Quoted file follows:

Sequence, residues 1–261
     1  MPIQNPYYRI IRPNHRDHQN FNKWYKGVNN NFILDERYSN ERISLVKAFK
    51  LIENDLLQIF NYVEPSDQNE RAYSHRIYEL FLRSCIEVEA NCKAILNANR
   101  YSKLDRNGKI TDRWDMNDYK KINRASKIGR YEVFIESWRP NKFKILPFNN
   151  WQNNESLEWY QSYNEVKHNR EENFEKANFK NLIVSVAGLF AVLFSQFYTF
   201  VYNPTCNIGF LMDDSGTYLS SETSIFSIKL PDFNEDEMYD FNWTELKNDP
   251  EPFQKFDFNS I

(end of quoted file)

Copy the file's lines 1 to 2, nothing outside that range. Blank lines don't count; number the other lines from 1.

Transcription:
Sequence, residues 1–261
     1  MPIQNPYYRI IRPNHRDHQN FNKWYKGVNN NFILDERYSN ERISLVKAFK